In Illinois divorce cases, the judge’s ruling often makes one party unhappy, but if that party believes the law was misapplied, there are steps to take to start a divorce appeal. While it is normal for one spouse to feel unhappy with the ruling in a disputed divorce, there are instances when accepting the decision and moving on is not the best course of action. In Illinois, individuals in this situation have two options to consider.
File a Motion for Reconsideration
If the individual feels the court made the wrong ruling, and it should be reversed, he or she can file a motion for reconsideration. This is only possible if the individual, often with the help of a divorce attorney, can prove that the initial ruling was incorrect, such as if the ruling did not include all the evidence that impacts the decision. The party filing this motion must be able to prove that a mistake was made and that the mistake impacted the overall outcome of the case.
This particular motion requires one of three scenarios. A motion to reconsider is filed if the law was misapplied. It is also filed if changes in the law impact the potential outcome of the case. Finally, this tool is used when new evidence comes to light after the final ruling.
A second option is to file a divorce appeal. This is an appeal to a superior court in the same jurisdiction. The goal in a divorce appeal is to get more details about what the law is and how it applies to that particular case. To file an appeal, the individual must act within 30 days of the final judgment of divorce. In cases involving children, parents can file an appeal as soon as the court issues a temporary ruling.
An appeal requires the court’s permission and can be quite costly. They also take a lot of time. The goal of the appeal is for the court to determine if the lower court made a mistake with the evidence they had. New evidence does not require an appeal, but rather a motion for reconsideration, because the appellate court will only look at the already presented evidence. For this reason, divorce lawyers are often hesitant to recommend a divorce appeal unless they feel their clients have a strong case.
Can You Appeal a Divorce Settlement?
Life’s circumstances can change after an original Illinois divorce decree is signed. Illinois law allows some areas of the agreement to be modified after it is finalized, even many years following the divorce. Understanding which areas can be modified and which cannot may help divorcees to adapt arrangements to new life conditions. There are a few things that can be changed when appealing a divorce settlement.
One area that is changeable after a divorce decree is the allocation of parental responsibilities. As children grow and needs change, the parenting plan often needs to adjust to accommodate those changes.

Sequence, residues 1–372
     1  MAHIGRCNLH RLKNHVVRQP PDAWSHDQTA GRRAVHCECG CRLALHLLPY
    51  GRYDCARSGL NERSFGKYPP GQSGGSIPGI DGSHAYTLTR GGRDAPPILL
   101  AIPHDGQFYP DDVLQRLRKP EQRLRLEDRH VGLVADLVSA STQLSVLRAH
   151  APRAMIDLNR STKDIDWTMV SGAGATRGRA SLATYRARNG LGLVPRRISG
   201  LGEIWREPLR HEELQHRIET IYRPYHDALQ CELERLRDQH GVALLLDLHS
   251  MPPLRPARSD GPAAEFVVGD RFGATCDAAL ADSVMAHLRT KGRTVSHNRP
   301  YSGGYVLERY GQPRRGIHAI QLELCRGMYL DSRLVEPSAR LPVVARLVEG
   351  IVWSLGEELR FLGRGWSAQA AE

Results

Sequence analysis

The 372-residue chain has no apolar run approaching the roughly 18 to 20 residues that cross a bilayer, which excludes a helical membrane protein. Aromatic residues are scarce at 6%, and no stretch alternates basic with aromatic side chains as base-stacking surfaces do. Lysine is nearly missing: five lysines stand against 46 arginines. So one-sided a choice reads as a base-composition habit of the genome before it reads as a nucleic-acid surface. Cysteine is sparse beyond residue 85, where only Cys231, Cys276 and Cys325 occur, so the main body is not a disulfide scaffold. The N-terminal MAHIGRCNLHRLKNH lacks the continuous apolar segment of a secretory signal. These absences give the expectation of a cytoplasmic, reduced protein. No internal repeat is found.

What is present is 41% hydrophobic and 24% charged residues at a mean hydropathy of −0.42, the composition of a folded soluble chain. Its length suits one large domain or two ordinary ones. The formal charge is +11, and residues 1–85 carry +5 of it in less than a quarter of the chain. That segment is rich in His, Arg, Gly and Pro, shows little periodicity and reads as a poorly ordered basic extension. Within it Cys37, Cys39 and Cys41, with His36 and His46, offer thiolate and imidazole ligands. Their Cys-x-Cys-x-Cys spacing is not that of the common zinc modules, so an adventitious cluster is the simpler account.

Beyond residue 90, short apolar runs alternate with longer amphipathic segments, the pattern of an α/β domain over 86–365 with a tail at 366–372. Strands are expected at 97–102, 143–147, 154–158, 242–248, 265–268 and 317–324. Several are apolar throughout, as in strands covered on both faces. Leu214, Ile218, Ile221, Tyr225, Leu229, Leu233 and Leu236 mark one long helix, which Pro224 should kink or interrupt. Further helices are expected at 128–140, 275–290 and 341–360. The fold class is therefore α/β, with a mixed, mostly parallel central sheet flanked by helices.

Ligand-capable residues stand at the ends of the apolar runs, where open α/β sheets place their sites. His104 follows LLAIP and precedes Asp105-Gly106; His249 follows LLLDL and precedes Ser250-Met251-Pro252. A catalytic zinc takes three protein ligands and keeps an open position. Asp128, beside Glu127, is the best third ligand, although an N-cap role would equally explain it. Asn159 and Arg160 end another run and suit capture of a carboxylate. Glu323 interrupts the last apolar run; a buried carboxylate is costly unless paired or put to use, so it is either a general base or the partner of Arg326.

Parenting plans are typically created with an attorney during the height of the divorce process. During this time, hurt feelings and anger can impact decision-making. As parents have the chance to cool down and re-evaluate the choices, they may find that unfair judgments were made, and they need to make some changes.
Parenting schedules may also need to be modified as work responsibilities and schedules change. A child’s opinion, especially as a child gets older, can impact some aspects of the custody arrangements as well. The courts will typically consider modifications as long as they are within the best interests of the child.
Spousal Maintenance Payments
Spousal maintenance payments are financial support paid from the higher-earning spouse to the other. Spousal maintenance is not intended to be life-long support. Instead, it is intended to help the lower-income earner get on his or her feet after divorce. If the receiving party remarries or makes no effort to become self-sufficient, the paying party can petition the court to review the arrangements to see if they need to be modified or discontinued.
Changes to Child Support Agreements
Finally, one area that can change after a divorce decree is finalized is the child support agreement. In 2017, Illinois child support laws changed from charging a percentage of the payer’s income to basing the payments on an income share. This sharing is based on the income of both parents and the parenting time each receives. Generally, the more parenting time a parent has, the less child support he or she must pay.
Child support is one area that actually changes fairly often because income can change and shift. If the parent who is paying child support has a significant increase or decrease in income, the child support order may be able to be adjusted. Either parent can petition the court to make this change. A family law attorney is an excellent resource for understanding when these changes are warranted.